Helping Moms Use Common Sense

Being an old fogey in my 40s, I can’t possibly stay current on all the music being marketed to kids. Oh, sure, I know every word to every song on the High School Musical 2 cd, and I listen to (WAY more than) my share of Radio Disney. But beyond that, I’m pretty clueless on what’s hot with the preteen set. Santa is bringing my children iPods this year, so I went looking for a resource to tell me if any of the songs they are interested in downloading contain the F-word, or talk about killing cops in the alley, or make it sound really fun to have boys touching their bodies (ooooo, give it to me, baby!)

That’s how I came across, an invaluable tool for parents, and the place to go if you want to know whether or not a book, movie, tv show, website, song, or video game are age-appropriate for your child.

I love their reviews. They use criteria that’s important to me. The standard rating system doesn’t tell me enough, but this site gives me exactly what I want to know before I take my 8 and 9 year old to the theater, or buy a new cd or game, and plunk down piles of cash.

Along with thorough reviews, gives analysis of the following categories for everything they rate. I’ll use the movie “Evan Almighty” as an example.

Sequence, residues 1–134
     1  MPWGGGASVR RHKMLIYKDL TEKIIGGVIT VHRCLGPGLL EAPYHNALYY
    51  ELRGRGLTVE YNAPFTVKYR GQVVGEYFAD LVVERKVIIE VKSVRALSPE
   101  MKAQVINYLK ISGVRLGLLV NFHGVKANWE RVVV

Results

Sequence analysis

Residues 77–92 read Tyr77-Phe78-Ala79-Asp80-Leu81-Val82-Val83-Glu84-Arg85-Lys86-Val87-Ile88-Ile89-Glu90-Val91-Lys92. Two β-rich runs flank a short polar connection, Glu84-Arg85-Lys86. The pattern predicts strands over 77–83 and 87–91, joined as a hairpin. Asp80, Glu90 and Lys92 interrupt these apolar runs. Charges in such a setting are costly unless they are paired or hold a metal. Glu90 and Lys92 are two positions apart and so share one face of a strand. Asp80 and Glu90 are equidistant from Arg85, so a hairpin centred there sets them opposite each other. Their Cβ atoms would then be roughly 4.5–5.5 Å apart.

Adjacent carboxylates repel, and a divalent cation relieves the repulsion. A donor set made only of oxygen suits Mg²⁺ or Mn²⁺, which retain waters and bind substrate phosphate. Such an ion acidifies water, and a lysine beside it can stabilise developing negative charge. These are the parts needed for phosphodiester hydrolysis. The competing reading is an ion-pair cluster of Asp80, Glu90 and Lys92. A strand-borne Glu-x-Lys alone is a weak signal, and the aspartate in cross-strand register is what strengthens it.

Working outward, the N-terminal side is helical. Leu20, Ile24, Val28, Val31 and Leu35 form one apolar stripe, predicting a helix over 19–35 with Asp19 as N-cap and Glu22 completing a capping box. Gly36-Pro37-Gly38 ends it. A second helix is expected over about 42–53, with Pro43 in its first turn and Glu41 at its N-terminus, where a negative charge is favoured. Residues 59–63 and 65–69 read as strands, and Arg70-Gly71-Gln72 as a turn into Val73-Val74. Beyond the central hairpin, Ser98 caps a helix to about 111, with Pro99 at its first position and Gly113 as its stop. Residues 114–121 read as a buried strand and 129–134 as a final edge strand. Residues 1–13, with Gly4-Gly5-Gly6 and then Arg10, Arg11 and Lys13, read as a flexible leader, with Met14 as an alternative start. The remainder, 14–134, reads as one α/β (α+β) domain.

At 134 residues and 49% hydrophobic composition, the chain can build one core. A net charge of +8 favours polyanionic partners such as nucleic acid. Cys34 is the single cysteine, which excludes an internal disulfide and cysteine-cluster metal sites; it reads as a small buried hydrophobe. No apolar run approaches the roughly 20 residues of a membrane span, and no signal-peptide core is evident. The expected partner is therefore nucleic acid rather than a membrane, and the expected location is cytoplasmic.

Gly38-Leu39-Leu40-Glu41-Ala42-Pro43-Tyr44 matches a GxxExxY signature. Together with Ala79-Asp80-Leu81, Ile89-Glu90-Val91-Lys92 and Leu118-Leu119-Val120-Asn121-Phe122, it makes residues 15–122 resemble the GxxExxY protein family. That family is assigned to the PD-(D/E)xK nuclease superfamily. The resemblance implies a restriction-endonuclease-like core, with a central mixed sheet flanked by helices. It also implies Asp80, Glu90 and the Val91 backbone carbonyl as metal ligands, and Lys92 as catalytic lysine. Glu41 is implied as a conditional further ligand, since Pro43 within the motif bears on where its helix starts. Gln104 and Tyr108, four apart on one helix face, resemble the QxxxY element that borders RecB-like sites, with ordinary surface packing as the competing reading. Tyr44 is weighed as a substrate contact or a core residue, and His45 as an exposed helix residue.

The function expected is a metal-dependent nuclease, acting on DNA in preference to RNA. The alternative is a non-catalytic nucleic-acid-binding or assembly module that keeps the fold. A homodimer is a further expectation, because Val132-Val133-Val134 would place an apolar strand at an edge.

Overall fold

Sexual Content: (“Evan and Joan kiss and hug a couple of times”)

Violence: (“The flood scene is a bit intense as the water rises and the ark is propelled forward, but no one gets hurt. Some comic pratfalls/injuries while building the ark.”)

Language: (Very Little, even by PG standards: “pissed”, “Jackass”, “Oh my God!”)

Message- Social Behavior: (“Evan sacrifices his reputation in order to follow a greater calling and by doing so, saves lives, animals, and his family. Some poop/bodily function jokes-not surprising, given all the animals involved)

Commercialism: (Just a few: Hummer, The Daily Show, The 40-Year-old Virgin Mary),

Drug/Alcohol/Tobacco: (None)

All in all, an awesome website for parents. Especially those of us who have been accused of being somewhat overprotective. In my defense, I just want to preserve my children’s innocence as long as I can. The way I see it, it’s part of my job as their mom.